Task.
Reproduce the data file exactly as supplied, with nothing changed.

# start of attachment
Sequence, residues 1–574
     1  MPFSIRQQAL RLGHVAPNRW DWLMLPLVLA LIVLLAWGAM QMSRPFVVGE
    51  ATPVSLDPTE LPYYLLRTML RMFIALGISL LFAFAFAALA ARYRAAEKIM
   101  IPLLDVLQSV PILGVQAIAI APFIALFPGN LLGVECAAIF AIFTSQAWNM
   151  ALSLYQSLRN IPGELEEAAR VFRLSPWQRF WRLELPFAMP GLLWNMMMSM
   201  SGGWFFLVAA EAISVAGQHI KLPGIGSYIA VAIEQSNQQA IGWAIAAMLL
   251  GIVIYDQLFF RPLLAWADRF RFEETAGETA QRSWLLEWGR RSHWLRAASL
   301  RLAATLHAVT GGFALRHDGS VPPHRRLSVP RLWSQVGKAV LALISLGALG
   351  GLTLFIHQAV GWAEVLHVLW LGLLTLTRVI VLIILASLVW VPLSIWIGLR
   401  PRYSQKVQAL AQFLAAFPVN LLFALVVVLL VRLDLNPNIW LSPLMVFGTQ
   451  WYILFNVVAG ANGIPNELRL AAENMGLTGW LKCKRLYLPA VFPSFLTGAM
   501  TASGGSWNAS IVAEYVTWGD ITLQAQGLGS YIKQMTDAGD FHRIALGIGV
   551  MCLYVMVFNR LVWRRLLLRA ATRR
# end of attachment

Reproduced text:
Sequence, residues 1–574
     1  MPFSIRQQAL RLGHVAPNRW DWLMLPLVLA LIVLLAWGAM QMSRPFVVGE
    51  ATPVSLDPTE LPYYLLRTML RMFIALGISL LFAFAFAALA ARYRAAEKIM
   101  IPLLDVLQSV PILGVQAIAI APFIALFPGN LLGVECAAIF AIFTSQAWNM
   151  ALSLYQSLRN IPGELEEAAR VFRLSPWQRF WRLELPFAMP GLLWNMMMSM
   201  SGGWFFLVAA EAISVAGQHI KLPGIGSYIA VAIEQSNQQA IGWAIAAMLL
   251  GIVIYDQLFF RPLLAWADRF RFEETAGETA QRSWLLEWGR RSHWLRAASL
   301  RLAATLHAVT GGFALRHDGS VPPHRRLSVP RLWSQVGKAV LALISLGALG
   351  GLTLFIHQAV GWAEVLHVLW LGLLTLTRVI VLIILASLVW VPLSIWIGLR
   401  PRYSQKVQAL AQFLAAFPVN LLFALVVVLL VRLDLNPNIW LSPLMVFGTQ
   451  WYILFNVVAG ANGIPNELRL AAENMGLTGW LKCKRLYLPA VFPSFLTGAM
   501  TASGGSWNAS IVAEYVTWGD ITLQAQGLGS YIKQMTDAGD FHRIALGIGV
   551  MCLYVMVFNR LVWRRLLLRA ATRR